Personal Intelligence: The Power of Personality and How It Shapes Our Lives

John D. Mayer. FSG/Scientific American, $27 (288p) ISBN 978-0-374-23085-2
Personality is not merely the sum of an individual’s characteristics, it is a profound social force that influences our lives and interactions. Mayer, a contributor to the Mayer-Salovey-Caruso Emotional Intelligence Test, coined the term “personal intelligence” in order to describe our inherent need to understand the people around us. Personal intelligence includes a spectrum of proficiencies, and there is a degree to which it can be learned and cultivated. Any apt assessment of others begins, or at least is correlated with, an ability to know one’s self, and Mayer explores patterns of personal intelligence from adolescence to adulthood. He draws on anecdotes and research—some of it his own—and also describes his methods of testing and measuring what psychologists have long deemed immeasurable. As he attempts to define the parameters of “personality,” Mayer is prone to expanding the idea into ambiguous territory. But what is innovative here is his focus on personality as a social skill, an interaction between self and environment that manifests not just through interpersonal relationships but across our collective society, including our legal system. Mayer’s new theory of personal intelligence is a welcome starting point for analyzing “how people think about themselves and one another.” (Feb.)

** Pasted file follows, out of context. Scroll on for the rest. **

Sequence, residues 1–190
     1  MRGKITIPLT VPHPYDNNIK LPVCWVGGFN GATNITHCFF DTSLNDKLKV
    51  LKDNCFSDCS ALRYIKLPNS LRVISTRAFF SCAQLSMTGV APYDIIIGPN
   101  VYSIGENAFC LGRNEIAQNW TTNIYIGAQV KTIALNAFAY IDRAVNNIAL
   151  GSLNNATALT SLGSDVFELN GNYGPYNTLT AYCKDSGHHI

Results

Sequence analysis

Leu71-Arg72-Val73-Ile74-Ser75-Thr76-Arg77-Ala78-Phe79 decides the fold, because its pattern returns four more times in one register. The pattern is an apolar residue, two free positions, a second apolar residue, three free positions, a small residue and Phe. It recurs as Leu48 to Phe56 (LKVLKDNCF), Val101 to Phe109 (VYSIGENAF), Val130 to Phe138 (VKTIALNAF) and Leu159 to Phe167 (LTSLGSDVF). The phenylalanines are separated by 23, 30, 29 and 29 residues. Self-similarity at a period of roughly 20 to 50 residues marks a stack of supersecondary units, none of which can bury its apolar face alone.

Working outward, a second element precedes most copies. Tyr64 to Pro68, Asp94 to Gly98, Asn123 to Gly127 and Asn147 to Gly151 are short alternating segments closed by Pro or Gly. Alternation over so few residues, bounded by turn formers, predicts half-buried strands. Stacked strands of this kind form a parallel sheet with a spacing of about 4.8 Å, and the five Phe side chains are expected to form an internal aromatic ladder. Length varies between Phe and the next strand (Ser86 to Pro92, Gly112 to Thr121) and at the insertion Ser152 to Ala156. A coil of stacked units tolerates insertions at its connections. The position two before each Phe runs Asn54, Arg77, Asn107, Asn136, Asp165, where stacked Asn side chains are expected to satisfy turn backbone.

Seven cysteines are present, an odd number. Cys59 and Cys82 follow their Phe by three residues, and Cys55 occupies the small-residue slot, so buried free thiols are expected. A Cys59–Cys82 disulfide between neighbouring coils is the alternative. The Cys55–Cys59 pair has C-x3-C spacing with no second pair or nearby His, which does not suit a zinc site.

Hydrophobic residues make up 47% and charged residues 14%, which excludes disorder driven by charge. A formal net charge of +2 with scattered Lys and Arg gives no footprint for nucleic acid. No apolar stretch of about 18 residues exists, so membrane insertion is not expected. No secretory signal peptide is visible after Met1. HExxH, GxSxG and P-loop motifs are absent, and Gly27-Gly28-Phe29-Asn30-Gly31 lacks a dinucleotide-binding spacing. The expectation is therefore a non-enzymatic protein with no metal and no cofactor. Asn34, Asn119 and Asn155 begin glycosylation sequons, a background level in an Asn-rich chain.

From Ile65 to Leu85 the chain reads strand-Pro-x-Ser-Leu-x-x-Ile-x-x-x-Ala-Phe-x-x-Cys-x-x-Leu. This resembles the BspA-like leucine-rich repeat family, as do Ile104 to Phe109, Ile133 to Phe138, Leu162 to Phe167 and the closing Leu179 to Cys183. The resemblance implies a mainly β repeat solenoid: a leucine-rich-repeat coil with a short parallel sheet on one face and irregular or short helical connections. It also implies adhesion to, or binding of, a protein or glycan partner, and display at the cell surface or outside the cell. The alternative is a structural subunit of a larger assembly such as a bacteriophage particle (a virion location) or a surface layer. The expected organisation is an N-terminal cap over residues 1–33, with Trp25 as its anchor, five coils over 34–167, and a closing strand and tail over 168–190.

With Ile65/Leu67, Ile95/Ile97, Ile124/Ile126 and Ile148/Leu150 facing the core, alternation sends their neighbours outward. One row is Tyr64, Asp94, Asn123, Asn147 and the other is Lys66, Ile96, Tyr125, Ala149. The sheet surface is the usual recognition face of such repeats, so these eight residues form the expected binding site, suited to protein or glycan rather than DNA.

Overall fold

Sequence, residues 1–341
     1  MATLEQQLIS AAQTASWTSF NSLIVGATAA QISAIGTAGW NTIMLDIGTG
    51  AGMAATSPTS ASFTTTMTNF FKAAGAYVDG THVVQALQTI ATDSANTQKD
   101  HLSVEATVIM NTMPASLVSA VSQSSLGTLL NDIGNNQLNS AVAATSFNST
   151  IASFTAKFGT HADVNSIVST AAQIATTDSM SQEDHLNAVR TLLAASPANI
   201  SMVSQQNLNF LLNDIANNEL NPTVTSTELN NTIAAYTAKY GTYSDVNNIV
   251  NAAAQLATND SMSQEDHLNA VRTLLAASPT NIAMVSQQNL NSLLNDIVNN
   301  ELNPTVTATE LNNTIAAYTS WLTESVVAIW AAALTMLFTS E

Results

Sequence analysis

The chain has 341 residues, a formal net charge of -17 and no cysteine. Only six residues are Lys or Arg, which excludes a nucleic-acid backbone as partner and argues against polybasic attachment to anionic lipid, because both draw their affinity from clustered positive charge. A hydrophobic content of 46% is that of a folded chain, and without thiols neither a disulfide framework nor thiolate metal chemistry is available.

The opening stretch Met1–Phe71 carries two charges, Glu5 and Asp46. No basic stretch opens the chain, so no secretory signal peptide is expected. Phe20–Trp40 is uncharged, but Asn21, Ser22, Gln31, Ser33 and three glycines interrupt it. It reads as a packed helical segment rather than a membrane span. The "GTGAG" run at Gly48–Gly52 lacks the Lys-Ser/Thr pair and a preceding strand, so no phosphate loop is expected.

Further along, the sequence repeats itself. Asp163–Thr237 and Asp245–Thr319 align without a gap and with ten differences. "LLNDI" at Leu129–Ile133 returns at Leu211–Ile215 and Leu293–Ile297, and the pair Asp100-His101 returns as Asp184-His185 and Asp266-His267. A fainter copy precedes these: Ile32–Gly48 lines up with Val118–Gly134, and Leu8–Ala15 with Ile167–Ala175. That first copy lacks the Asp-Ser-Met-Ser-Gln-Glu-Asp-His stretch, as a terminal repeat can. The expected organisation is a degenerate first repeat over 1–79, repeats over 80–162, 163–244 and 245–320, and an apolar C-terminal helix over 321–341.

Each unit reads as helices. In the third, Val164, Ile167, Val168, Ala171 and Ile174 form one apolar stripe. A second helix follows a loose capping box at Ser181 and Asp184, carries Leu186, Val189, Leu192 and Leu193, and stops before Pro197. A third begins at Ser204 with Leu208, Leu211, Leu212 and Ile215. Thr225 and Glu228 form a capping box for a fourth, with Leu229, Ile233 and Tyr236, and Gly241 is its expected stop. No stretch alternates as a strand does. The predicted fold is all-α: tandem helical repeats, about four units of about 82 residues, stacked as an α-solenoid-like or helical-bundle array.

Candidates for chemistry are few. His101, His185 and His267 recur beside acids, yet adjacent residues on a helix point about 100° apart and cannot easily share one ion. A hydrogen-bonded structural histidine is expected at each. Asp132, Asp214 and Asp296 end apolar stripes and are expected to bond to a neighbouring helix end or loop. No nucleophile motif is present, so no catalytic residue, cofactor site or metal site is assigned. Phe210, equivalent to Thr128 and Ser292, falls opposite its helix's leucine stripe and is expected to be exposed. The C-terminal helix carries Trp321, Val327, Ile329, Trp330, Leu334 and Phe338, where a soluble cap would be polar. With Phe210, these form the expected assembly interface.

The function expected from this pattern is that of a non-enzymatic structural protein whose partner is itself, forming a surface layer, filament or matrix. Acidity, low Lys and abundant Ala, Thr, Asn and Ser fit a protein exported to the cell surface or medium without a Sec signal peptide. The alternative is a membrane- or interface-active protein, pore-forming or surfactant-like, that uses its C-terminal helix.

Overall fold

Reviewed on: 11/11/2013
Release date: 02/18/2014
Genre: Nonfiction
Paperback - 282 pages - 978-0-374-53501-8
Open Ebook - 288 pages - 978-0-374-70899-3
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